4 December 2022 The Future is the Product of the Past

The 8,000-year-old Aslantepe in Turkey has been added to the UNESCO World Heritage List

The Turkish Foreign Ministry said Monday that a rich, 30-meter-high archaeological mound going back 8,000 years in southern Turkey has been added to the UNESCO World Heritage List.

The statement reaffirmed that Arslantepe, which means “Lion Hill,” has been on the UNESCO World Heritage Tentative List since 2014, adding that it is one of Turkey’s first religious and civic landmarks.

According to a government statement, the decision to include the Arslantepe Mound was made at the Extended 44th UNESCO World Heritage Committee online session in Fuzhou, China.

With the addition of the mound, Turkey now has 19 monuments on the UNESCO World Heritage List. The archaeological site of Arslantepe is located on the Malatya plain, five kilometers from the city center and 15 kilometers from the Euphrates River.

“It is 4 hectares and 30 m. high archaeological mound dominating the plain and formed by the superimposition of settlements for millennia, from at least the 6th millennium BCE to the late Roman period,” said UNESCO.

Aslantepe
With the addition of Arslantepe in Malatya, the number of sites from Turkey on UNESCO’s list grows to 19.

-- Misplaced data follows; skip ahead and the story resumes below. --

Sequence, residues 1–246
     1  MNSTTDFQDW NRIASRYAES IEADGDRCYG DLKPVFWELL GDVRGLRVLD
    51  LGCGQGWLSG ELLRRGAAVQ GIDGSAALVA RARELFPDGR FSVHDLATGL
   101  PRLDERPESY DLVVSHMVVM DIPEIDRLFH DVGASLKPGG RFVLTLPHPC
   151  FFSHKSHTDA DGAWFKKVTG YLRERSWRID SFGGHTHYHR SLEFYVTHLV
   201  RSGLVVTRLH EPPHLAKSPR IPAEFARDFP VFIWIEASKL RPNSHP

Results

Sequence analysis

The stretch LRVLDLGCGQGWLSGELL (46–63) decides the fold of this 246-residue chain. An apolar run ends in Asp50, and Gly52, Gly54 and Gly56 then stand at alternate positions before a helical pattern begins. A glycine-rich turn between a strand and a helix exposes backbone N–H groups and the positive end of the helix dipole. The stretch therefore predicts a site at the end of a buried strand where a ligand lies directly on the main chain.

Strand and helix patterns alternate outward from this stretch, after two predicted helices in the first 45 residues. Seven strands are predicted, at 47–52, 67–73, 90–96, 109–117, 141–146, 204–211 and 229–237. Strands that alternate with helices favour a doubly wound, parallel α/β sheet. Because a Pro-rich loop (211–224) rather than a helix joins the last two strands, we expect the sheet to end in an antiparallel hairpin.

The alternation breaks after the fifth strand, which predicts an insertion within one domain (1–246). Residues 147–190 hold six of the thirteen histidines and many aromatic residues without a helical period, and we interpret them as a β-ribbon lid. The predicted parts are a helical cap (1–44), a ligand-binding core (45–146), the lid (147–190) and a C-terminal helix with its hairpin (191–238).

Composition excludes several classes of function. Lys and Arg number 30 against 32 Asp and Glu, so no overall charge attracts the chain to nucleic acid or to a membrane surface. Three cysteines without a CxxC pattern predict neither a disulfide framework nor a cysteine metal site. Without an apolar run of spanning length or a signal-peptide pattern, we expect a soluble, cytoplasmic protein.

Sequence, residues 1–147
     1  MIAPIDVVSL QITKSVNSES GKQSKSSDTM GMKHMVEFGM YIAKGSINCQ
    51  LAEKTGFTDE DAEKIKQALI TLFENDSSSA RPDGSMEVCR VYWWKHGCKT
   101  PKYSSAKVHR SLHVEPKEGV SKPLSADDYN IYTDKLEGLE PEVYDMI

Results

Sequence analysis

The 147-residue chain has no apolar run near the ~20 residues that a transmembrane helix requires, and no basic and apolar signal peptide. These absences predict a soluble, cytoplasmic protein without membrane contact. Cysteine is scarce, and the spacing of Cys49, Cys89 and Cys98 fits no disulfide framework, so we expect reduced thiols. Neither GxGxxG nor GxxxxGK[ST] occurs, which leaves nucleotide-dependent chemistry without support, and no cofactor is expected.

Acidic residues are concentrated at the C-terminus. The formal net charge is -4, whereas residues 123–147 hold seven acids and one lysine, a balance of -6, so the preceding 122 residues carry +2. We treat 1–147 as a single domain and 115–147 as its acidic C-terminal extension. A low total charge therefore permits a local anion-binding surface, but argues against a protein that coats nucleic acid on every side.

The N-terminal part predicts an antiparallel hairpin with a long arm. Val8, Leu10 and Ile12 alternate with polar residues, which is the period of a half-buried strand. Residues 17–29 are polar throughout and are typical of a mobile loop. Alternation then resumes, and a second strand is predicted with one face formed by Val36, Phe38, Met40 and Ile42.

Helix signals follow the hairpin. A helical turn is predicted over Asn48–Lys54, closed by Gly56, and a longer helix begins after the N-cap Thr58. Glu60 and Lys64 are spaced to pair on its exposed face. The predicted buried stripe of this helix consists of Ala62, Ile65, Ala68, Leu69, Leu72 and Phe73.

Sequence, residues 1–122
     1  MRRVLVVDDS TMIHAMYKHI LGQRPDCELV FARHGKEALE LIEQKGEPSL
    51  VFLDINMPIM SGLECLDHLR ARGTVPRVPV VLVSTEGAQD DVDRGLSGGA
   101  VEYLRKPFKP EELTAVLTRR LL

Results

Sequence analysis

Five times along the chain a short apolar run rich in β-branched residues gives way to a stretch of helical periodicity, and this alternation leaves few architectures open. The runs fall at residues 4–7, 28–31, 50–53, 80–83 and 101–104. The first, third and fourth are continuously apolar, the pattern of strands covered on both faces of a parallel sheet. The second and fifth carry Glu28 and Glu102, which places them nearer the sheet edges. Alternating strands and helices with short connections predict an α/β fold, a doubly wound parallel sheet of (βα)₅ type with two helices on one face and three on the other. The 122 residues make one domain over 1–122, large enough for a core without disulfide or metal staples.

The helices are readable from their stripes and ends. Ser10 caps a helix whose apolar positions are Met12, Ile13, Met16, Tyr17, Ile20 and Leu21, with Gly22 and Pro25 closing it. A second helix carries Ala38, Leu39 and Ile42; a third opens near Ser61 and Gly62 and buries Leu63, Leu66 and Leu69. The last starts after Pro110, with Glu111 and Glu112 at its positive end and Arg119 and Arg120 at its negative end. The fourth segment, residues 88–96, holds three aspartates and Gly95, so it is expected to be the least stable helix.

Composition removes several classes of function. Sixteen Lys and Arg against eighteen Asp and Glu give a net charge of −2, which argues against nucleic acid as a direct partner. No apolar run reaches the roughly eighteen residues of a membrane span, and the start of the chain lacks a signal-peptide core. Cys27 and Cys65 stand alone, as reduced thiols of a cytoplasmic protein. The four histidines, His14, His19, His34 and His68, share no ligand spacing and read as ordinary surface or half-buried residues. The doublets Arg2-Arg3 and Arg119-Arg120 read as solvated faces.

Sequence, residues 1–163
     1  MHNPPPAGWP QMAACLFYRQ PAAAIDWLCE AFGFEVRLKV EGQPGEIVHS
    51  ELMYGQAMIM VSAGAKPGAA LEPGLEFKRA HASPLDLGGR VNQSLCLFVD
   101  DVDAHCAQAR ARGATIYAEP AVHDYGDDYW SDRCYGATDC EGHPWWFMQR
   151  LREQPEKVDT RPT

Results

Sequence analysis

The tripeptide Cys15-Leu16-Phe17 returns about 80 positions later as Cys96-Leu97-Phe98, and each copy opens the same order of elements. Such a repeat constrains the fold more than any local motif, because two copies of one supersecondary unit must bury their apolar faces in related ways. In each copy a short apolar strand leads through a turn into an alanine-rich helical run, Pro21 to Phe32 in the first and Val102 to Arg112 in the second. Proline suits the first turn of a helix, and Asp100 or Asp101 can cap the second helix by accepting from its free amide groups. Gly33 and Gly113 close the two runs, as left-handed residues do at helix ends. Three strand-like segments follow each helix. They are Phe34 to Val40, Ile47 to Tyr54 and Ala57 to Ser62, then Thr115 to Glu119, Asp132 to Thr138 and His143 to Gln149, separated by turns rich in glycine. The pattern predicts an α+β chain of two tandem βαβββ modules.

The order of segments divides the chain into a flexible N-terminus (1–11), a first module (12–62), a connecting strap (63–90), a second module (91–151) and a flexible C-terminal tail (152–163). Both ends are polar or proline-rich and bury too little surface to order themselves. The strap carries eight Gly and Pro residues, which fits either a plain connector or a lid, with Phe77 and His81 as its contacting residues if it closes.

The lengthy history of the site, positioned at the crossroads of the major Near Eastern civilizations, illustrates critical events and change processes in relation to present developments in Mesopotamia, Anatolia, and the South Caucasus.

More than 50 years of archaeological excavations by Rome’s Sapienza University have brought to light rich material remains of the many civilizations that called the site home, from their formation to their collapse, it added.

“This research has enlightened the millenarian history of the Upper Euphrates region and makes Arslantepe an exceptional testimony to crucial stages in the human history: the birth of hierarchical societies, that of the first centralized political and economic systems, the origin of bureaucracy, and its first working system, the rise of a systematic control on human labor, in other words, the origin of power and the State,” said UNESCO.

“The site also testifies to the fact that these crucial changes in human history took place for the first time over a large area including, besides Mesopotamia, the Euphrates region in Eastern Anatolia.”

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